The Mental Health Commission of Canada (MHCC) has released a new National Standard to guide the development of policies, procedures, and practices at post-secondary education institutions that promote positive student mental health and well-being.
The National Standard of Canada for Mental Health and Well-Being for Post-Secondary Students, the first of its kind in the world, is designed to enhance and expand strategies already in place by Canada’s universities, colleges, and polytechnics.
Developed by an expert technical committee over two years, the Standard was informed by extensive dialogues from coast to coast with students, post-secondary administrators, service providers, health agencies, governments, and persons with lived and living experience of mental illness.
“We recognize that the majority of mental illnesses are first diagnosed between the ages of 16 and 24, when many are in or just out of post-secondary education,” said Louise Bradley, president and CEO of the MHCC, which championed this work in collaboration with CSA Group, a global leader in standards development, with support from Bell Let’s Talk, The Rossy Foundation, The RBC Foundation, and Health Canada.
“Students may be experiencing even higher levels of stress and anxiety as the pandemic unfolds,” Bradley noted. “There is a clear and pressing need. The new Standard will help post-secondary institutions address this critical societal issue for our young people.”
The voluntary guidelines support numerous key outcomes, including:
- increased awareness about mental health and decreased stigma,
- healthier and safer institutional environments, and
- improved life and resiliency skills students can use at school, work, and in daily life.
Read the National Standard of Canada for Mental Health and Well-Being for Post-Secondary Students at mentalhealthcommission.ca/English/studentstandard.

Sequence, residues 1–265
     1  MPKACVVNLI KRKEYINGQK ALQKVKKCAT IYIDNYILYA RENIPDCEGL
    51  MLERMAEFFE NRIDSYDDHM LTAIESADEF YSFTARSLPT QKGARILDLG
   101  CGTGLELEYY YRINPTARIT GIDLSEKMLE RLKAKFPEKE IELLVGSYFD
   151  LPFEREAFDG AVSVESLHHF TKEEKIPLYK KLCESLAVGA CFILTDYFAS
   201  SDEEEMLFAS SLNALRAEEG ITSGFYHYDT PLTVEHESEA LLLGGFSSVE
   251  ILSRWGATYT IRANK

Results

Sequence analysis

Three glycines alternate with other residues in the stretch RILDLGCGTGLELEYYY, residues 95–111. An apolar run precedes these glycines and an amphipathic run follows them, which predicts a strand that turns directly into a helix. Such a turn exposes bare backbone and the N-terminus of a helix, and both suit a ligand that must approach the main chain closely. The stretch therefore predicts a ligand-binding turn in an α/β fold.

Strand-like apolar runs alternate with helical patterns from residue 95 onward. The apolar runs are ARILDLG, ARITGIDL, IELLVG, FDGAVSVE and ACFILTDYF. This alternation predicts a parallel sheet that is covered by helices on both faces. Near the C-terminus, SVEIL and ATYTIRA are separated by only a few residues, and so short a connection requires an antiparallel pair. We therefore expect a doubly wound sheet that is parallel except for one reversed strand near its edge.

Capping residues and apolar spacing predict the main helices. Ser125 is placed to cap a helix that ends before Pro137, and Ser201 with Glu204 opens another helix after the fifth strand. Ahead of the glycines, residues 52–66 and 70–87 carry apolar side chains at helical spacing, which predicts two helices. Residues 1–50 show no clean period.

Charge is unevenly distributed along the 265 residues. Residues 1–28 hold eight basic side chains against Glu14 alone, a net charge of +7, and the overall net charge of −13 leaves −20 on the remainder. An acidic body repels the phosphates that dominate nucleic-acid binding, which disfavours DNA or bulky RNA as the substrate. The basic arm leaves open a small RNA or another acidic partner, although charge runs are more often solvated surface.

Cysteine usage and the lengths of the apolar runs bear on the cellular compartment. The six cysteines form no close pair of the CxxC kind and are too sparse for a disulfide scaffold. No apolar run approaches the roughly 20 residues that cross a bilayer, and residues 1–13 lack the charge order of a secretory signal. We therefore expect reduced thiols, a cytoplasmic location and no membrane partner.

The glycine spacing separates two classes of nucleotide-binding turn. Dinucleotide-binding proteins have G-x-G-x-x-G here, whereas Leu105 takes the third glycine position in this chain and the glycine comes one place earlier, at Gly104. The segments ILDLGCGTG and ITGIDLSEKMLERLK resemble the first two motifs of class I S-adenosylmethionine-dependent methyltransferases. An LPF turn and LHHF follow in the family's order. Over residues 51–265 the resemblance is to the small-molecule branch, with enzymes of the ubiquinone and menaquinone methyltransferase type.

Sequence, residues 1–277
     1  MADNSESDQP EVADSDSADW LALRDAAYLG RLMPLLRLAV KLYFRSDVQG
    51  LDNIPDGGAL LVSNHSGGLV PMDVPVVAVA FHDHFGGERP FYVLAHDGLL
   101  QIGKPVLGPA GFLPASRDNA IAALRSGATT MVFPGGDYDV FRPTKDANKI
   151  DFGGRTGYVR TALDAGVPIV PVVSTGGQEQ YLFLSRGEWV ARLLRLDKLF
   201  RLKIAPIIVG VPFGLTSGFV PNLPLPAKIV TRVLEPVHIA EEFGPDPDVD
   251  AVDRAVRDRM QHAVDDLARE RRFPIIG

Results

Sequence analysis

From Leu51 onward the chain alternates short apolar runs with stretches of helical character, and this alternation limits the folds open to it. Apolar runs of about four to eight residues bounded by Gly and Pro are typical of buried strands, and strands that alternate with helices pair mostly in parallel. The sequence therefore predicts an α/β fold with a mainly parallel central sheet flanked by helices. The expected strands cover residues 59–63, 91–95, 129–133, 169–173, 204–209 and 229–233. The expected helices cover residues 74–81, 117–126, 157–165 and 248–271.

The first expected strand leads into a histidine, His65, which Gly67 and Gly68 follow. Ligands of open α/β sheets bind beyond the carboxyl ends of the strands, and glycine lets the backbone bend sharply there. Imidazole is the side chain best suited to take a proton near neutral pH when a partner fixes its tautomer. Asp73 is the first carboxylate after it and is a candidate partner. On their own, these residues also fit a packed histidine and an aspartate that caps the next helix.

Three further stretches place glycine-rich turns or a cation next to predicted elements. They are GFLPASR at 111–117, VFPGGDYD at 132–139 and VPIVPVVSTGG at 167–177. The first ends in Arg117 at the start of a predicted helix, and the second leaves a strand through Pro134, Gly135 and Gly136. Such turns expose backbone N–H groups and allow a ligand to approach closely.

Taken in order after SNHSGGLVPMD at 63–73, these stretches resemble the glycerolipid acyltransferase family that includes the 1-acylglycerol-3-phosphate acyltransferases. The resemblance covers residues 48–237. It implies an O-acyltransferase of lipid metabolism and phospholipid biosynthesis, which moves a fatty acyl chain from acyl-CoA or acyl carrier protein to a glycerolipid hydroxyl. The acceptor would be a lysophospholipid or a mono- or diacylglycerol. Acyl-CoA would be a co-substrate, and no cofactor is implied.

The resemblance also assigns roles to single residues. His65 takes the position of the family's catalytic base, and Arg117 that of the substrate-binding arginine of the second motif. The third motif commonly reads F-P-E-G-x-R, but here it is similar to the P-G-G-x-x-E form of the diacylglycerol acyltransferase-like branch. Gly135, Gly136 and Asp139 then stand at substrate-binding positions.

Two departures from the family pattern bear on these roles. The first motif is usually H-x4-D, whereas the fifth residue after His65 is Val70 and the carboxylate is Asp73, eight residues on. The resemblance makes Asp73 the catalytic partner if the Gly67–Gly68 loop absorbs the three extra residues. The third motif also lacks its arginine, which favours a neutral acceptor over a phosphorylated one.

Q. What is the Standard?
- The Standard is a set of flexible, voluntary guidelines to help post-secondary institutions support the mental health and well-being of their students. It’s the first of its kind in the world.
- It’s adaptable for use by any post-secondary institution. Each can decide what is achievable given its specific situation, resources, and local context. Each can determine priorities based on its most pressing opportunities or challenges.
- The Standard is underpinned by a commitment to continuous improvement. Regardless of where an institution starts, improvements can be made to student mental health and well-being over time.
Q. Why is the Standard needed?
- Post-secondary education can be exciting and transformative, but it can also be challenging, as students juggle academic, financial, and personal demands.
- Three out of four mental health problems are first diagnosed between the ages of 16 and 24, when many are in or just out of post-secondary education.1
- The global pandemic has created even more uncertainty for students, while heightening their feelings of stress and anxiety over concerns about health and safety, isolation, finances, and the future, just to name a few.
- The Standard is a set of voluntary guidelines designed to help post-secondary institutions enhance existing strategies as they work to foster positive student mental health.